Double-words are 32-bit (four byte) unsigned
Double-word variables are identified by following the variable name with three question marks (i.e., var???), or by using the DEFDWD statement as described in the previous discussion of Integers. You can also declare Double word variables using the DWORD keyword with the DIM statement. For example:
DIM I AS DWORD
As for Word values and Integers, Double-word values have a larger positive range than a Long-integer, and still require only four bytes. Double-word values are useful for indicating absolute memory addresses, such as may be used to store pointer values.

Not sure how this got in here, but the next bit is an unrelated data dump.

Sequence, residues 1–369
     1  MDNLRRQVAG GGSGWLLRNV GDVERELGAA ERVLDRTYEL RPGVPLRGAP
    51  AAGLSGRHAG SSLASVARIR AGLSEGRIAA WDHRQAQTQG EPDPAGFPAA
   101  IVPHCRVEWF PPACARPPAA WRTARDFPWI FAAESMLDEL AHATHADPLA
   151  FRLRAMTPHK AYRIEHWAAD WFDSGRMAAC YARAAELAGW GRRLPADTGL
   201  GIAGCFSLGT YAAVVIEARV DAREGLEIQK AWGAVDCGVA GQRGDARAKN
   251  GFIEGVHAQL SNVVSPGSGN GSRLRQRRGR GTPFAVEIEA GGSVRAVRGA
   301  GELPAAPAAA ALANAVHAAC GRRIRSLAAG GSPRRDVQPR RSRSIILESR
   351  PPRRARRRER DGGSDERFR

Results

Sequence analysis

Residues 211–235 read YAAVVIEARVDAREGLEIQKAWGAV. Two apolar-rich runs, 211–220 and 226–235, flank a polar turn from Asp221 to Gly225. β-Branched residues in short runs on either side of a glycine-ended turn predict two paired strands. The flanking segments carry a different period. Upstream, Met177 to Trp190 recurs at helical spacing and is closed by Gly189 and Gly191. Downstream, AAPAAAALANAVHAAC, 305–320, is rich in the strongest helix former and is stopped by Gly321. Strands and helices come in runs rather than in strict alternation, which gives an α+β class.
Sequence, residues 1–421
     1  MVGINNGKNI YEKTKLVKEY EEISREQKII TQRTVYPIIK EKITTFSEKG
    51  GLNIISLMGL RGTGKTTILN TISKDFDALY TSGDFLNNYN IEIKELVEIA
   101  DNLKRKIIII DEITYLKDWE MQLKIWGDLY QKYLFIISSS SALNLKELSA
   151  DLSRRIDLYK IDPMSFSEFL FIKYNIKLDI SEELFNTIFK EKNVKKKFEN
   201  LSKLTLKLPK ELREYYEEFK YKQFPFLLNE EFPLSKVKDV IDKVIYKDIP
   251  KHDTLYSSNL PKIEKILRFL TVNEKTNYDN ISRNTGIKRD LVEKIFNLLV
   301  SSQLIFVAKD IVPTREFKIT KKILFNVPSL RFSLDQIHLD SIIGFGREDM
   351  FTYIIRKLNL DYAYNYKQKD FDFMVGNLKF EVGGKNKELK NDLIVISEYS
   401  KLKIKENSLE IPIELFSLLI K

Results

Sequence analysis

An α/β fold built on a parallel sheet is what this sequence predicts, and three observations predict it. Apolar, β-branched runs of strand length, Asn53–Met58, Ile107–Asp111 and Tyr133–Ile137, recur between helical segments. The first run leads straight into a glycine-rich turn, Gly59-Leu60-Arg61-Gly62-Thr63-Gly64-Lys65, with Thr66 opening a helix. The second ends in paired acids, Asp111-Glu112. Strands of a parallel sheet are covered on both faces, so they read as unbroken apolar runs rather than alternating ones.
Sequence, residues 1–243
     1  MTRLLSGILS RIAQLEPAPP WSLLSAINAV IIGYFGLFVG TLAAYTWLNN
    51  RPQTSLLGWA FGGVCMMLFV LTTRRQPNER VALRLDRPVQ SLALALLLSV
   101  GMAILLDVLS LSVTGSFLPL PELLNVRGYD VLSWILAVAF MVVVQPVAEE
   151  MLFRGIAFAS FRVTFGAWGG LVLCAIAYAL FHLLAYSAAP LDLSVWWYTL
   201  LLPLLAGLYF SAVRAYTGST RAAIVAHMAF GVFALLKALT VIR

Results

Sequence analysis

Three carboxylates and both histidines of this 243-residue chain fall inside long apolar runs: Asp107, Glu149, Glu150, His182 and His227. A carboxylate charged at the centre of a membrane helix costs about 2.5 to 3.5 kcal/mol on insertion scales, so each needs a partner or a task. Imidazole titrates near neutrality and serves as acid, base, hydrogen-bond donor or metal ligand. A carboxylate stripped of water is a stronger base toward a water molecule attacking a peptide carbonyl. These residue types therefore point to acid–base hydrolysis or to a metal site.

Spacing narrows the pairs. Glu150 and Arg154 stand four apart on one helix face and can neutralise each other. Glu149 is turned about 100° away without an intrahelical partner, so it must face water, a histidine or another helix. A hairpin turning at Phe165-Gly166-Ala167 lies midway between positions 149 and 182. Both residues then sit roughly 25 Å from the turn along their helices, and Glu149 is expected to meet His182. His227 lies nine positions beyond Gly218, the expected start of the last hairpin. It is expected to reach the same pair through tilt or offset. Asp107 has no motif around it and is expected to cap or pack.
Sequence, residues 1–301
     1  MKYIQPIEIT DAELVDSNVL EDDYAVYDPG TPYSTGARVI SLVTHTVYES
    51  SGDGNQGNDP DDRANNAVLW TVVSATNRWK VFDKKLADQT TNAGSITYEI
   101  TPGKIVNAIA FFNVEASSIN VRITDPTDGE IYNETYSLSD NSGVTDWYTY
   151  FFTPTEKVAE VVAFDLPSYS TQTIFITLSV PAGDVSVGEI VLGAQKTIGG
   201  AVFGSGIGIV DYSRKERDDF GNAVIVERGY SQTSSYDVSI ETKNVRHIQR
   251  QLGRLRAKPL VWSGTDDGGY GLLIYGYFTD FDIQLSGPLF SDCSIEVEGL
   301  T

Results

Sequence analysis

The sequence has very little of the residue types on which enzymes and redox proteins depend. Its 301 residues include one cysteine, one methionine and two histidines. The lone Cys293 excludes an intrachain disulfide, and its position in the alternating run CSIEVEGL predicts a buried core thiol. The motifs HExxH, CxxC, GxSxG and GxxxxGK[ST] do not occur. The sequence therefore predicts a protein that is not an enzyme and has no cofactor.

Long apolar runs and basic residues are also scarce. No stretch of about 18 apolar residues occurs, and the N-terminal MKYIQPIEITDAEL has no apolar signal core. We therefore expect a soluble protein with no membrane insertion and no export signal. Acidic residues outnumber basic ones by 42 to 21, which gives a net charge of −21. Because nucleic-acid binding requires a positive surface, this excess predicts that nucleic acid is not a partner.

A PowerBASIC Double-word is equivalent to a UINT32 in C/C++. In 32-bit C/C++ code, a UINT is also equivalent to a PowerBASIC Double-word variable. Note that 16-bit C/C++ code uses UINT to describe a 16-bit Word variable.
A C++ unsigned int and a Delphi longword are equivalent to a PowerBASIC Double-word.
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